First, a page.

Last updated: 04/1/2019
Author: Addictions.com Medical Review
Reading Time: 3 minutes
The National Institute on Drug Abuse defines addiction as “a chronic, relapsing brain disease that is characterized by compulsive drug seeking and use, despite harmful consequences.” Additionally, “In 2013, an estimated 24.6 million Americans aged 12 or older—9.4 percent of the population—had used an illicit drug in the past month. This number is up from 8.3 percent in 2002.”
If you or someone you love is one of the people grappling with the devastating effects of addiction, the battle is difficult and extends over an entire lifetime. But, the more resources are brought to battle, the greater the chance of success. The same way that you benefit from forming a large support system made up of different people with different strengths, your recovery plan should have a lot of components that address different aspects of recovery.
One way to help with recovery is aromatherapy. It does sound a little hippie dippie to some people. But, there are a lot of alternative medicine practices already incorporated into recovery, including acupuncture, yoga, and meditation. If it works, do it.
For thousands of years, various cultures have used fragrances as part of their healing practice. Some of the most notable regions using fragrance include India, China, and the Middle East. It was not, however, until the middle ages that the use of essential oils was discovered and it is that tradition that modern aromatherapy builds upon.
The term “aromatherapy” was coined by French chemist Rene Gattefosse, who introduced it in the early 20th century. The practice would fall out of popularity before being revived in western countries during the 1980s and 1990s.
Aromatherapy is basically the inhalation of the scent provided by an essential oil. Essential oils are harvested from the heavily fragranced portion of plants, generally under the surface of leaves, bark, or peel. These essences are gathered through diffusion with steam and/or water or mechanical pressing. Any oil manufactured via chemistry is not considered a true essential oil.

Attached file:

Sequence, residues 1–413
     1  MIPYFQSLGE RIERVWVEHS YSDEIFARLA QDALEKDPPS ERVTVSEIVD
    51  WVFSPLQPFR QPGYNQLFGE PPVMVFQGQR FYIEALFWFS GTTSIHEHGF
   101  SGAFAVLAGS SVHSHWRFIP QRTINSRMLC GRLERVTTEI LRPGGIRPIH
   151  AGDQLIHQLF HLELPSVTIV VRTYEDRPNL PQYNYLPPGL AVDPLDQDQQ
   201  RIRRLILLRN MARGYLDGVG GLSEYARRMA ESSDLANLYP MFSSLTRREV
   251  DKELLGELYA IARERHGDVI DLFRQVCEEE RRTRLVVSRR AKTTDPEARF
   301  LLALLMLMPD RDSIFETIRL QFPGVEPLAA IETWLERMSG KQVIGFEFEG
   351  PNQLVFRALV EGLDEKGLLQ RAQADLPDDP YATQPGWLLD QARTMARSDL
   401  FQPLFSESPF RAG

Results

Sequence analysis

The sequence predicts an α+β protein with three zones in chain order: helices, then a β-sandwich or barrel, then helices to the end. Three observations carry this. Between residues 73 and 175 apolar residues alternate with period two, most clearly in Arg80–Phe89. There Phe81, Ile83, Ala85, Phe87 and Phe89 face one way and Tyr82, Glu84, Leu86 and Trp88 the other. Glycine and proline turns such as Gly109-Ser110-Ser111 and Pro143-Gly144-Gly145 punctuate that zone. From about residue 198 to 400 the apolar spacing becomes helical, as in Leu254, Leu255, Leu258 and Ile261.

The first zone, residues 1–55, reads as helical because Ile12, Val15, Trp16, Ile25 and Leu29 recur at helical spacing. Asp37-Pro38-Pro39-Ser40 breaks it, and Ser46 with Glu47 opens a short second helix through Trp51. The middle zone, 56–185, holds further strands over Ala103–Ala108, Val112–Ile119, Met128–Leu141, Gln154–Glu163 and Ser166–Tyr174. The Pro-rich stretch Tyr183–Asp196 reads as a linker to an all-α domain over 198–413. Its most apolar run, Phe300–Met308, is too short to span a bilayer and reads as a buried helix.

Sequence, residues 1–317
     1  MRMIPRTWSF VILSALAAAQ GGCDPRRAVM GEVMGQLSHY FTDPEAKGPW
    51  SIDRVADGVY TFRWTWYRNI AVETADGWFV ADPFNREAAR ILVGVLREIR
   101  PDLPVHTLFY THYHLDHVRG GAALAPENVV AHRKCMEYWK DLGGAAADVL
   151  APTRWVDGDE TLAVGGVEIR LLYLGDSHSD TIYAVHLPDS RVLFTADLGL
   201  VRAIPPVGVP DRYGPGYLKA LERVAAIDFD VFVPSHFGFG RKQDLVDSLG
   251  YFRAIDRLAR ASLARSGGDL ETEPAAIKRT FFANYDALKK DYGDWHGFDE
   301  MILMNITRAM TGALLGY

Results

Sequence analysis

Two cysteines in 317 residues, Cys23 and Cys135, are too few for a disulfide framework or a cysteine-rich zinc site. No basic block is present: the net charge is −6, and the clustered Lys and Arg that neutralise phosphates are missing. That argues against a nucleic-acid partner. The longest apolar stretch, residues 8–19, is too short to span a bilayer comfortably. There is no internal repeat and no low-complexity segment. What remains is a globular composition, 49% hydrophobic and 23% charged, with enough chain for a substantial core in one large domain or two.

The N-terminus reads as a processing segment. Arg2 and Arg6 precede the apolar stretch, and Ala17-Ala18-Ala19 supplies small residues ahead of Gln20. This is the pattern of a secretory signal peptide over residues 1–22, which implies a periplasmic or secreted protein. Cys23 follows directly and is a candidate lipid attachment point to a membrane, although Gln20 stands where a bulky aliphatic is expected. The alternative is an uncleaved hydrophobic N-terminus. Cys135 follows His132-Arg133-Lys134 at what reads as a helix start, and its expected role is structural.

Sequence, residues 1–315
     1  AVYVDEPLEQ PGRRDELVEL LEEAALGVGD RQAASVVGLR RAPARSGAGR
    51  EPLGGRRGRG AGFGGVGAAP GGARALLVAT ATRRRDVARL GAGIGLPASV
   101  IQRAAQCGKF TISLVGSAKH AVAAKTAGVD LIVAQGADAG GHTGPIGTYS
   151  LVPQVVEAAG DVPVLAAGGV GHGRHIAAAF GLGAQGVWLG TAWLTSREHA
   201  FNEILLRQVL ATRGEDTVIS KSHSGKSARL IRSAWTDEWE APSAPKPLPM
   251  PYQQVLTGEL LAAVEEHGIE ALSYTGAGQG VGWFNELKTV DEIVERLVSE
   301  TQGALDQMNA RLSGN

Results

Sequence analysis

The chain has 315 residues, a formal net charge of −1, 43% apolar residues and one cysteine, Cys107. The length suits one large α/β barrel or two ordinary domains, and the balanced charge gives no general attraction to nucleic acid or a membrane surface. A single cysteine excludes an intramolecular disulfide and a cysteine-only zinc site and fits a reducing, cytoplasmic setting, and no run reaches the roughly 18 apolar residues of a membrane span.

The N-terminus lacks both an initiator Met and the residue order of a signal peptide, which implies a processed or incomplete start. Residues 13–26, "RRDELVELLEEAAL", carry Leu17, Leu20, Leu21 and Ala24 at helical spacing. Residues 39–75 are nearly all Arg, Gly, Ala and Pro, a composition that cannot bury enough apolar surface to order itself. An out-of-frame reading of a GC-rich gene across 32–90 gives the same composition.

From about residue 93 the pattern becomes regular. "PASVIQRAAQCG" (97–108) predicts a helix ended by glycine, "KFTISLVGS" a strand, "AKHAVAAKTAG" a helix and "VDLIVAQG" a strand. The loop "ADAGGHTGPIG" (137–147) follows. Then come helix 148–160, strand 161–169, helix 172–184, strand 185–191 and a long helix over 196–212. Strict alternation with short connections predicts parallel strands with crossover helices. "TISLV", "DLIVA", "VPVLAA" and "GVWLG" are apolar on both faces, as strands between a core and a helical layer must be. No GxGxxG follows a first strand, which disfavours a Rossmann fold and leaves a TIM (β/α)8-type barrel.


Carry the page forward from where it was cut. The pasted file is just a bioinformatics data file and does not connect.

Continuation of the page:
Practicing aromatherapy can be done in different ways. Examples listed by the National Cancer Institute include:
- Indirect inhalation: patient breathes in essential oils by using a room diffuser or placing drops nearby
- Direct inhalation: patient breathes in essential oils by using an individual inhaler with drops floated on top of hot water
- Aromatherapy massage: massaging essential oils, diluted in a carrier oil, into the skin
- Applying essential oils to the skin by combining them with bath salts, lotions, or dressings
Why It Works
Your sense of smell and your addiction have something major in common: they both trigger your limbic system. The human limbic system is made up of parts of the brain in the stem and under the cortex. These parts of the brain are used to process emotions, memories, and rewards.
When drugs enter the limbic system, it floods the brain with positive chemicals, like serotonin. This makes the brain happy and it makes a memory of the sensation and of the sensations cause: drugs. The brain has set-up a reward cycle: use drugs, get euphoria.
Part of the reason withdrawal is so hard is that the brain still wants the drugs and it is programmed to get them. When it no longer does, the brain triggers a number of negative responses throughout the body. This is where aromatherapy can be important. As it works within the same system, it can be used to trigger positive memories and their rewards and to trigger the brain to make new positive memories.
Aromatherapy can be used to treat insomnia, mild depression, aches and pains, nausea, distress, anxiety, and other negative side effects of withdrawal and recovery. It can also increase energy, provide a feeling of calm, open airways, and balance metabolism.
Scents that have proved useful to recovering addicts include:
- Black Pepper
- Clary Sage
- Ylang Ylang
These are some basic essential oils commonly chosen to treat addiction and sustain recovery. However, the types of oils used and the ways they are combined may vary, subject to the experience and skill of the aromatherapist.